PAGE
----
BOZEMAN — Yellowstone National Park is honoring a Livingston couple for alerting rangers to an apparent child abuse case in a park campground. The warning led to the arrest of two adults and the rescue of at least five children.
Terry and Frank Dinovi are being honored now, but the incident happened in the Mammoth Campground, back in late September.
“There was another campsite diagonal to us,” said Terry Dinovi.
She said there was already snow cover in the campground and temperatures were cold. She said, “When I was using the facilities, I would notice that there was a tent outside.”
Dinovi noticed a child, a boy, maybe five years old coming out of that small tent. “No sweater, no blanket, and you could see he was shivering. And I could see that, a look of fear on his face,” she said.
Over the next few days she noticed three children placed in the tent overnight, one at a time. None had proper clothing for the cold weather. But what really broke her heart was the third child she saw in the tent, a boy with spina bifida, who couldn’t walk. “And he would drag himself through the snow to do his chores,” said Dinovi.
That’s when she confronted the man overseeing the children. “I said to the man, 'You need to get a coat or a blanket for that child, now, or I’m going to go to law enforcement,'” Dinovi told MTN News.
Instead of helping the child, the man told Dinovi it was not too cold for the children. Then he went to the campground host and said that Dinovi was harassing him and the children. The intimidation didn’t work.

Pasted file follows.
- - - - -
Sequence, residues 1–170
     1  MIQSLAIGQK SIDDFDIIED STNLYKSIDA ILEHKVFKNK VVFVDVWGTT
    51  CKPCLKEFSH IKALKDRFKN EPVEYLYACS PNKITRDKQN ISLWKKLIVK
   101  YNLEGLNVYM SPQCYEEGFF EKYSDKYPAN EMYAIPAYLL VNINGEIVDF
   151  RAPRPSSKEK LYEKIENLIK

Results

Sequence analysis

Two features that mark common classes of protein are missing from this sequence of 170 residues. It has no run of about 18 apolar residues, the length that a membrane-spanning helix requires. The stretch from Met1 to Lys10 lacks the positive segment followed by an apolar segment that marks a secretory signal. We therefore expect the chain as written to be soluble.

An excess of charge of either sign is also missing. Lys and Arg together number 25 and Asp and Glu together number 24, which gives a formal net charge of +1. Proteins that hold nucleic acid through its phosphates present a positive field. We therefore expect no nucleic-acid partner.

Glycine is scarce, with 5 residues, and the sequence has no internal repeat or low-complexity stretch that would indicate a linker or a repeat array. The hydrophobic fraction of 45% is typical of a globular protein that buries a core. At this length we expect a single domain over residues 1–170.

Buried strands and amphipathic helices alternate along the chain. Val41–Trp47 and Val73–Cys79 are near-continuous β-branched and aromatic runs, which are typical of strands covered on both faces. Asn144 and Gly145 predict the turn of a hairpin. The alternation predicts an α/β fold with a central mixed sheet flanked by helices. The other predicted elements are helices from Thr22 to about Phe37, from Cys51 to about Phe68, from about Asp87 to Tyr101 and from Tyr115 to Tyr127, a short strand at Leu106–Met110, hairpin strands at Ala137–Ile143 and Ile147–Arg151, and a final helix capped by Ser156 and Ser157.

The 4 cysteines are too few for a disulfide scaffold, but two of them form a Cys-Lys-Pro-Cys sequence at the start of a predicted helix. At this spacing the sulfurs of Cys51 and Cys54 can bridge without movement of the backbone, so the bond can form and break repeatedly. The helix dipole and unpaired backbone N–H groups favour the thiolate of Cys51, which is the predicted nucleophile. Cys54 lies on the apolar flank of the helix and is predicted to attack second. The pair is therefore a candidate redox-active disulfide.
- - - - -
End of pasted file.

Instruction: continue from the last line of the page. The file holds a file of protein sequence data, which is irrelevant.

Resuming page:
Once that happened, Dinovi went to park rangers to report what she had seen. She is a trauma nurse and has had training to help her spot child abuse and human trafficking. Thanks to that training, she was deeply concerned about what she had seen.
She said that she counted six children in the group. And to her eyes, they weren’t acting the way they should. “They were never playing, never smiling, never laughing,” said Dinovi.
Rangers visited the campsite and questioned the man and his wife about the children, but soon after, the family left the campground. “And then I was very fearful that I’d done more harm than good,” said Dinovi.
But the rangers, working with authorities from two states, tracked the family down and the couple was arrested on outstanding warrants from Arizona.
Yellowstone National Park spokeswoman Linda Veress said the couple was charged with felony child abuse, child endangerment, aggravated assault, and kidnapping.
The park service told the story on its Facebook page and more than 160 comments praised the Dinovi’s for their courage and actions. Terry Dinovi says her experience is a reminder to always be watchful, no matter where you are.
She said, “People think, oh, this is Yellowstone, it can’t be happening in Yellowstone, because it is, and it did.”
Dinovi said she appreciates being honored by the park but that’s not what’s most important to her. She said she’s just glad the children are now safe and in loving homes.
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